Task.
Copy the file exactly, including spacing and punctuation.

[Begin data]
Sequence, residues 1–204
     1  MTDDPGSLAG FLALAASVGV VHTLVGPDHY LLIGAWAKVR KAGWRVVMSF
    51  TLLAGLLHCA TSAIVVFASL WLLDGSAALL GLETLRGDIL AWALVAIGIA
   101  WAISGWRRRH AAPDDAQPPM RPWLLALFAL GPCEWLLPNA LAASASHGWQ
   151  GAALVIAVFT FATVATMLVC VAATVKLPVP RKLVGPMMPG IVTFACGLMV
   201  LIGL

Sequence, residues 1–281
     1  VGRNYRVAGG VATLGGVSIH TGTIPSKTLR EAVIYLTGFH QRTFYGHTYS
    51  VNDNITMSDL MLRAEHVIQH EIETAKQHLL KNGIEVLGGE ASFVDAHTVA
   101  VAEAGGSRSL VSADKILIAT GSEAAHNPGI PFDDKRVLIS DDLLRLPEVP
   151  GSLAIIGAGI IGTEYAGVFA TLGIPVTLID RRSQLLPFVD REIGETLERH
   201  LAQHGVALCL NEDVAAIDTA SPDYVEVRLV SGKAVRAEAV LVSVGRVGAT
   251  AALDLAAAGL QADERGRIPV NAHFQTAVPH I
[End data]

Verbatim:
Sequence, residues 1–204
     1  MTDDPGSLAG FLALAASVGV VHTLVGPDHY LLIGAWAKVR KAGWRVVMSF
    51  TLLAGLLHCA TSAIVVFASL WLLDGSAALL GLETLRGDIL AWALVAIGIA
   101  WAISGWRRRH AAPDDAQPPM RPWLLALFAL GPCEWLLPNA LAASASHGWQ
   151  GAALVIAVFT FATVATMLVC VAATVKLPVP RKLVGPMMPG IVTFACGLMV
   201  LIGL

Sequence, residues 1–281
     1  VGRNYRVAGG VATLGGVSIH TGTIPSKTLR EAVIYLTGFH QRTFYGHTYS
    51  VNDNITMSDL MLRAEHVIQH EIETAKQHLL KNGIEVLGGE ASFVDAHTVA
   101  VAEAGGSRSL VSADKILIAT GSEAAHNPGI PFDDKRVLIS DDLLRLPEVP
   151  GSLAIIGAGI IGTEYAGVFA TLGIPVTLID RRSQLLPFVD REIGETLERH
   201  LAQHGVALCL NEDVAAIDTA SPDYVEVRLV SGKAVRAEAV LVSVGRVGAT
   251  AALDLAAAGL QADERGRIPV NAHFQTAVPH I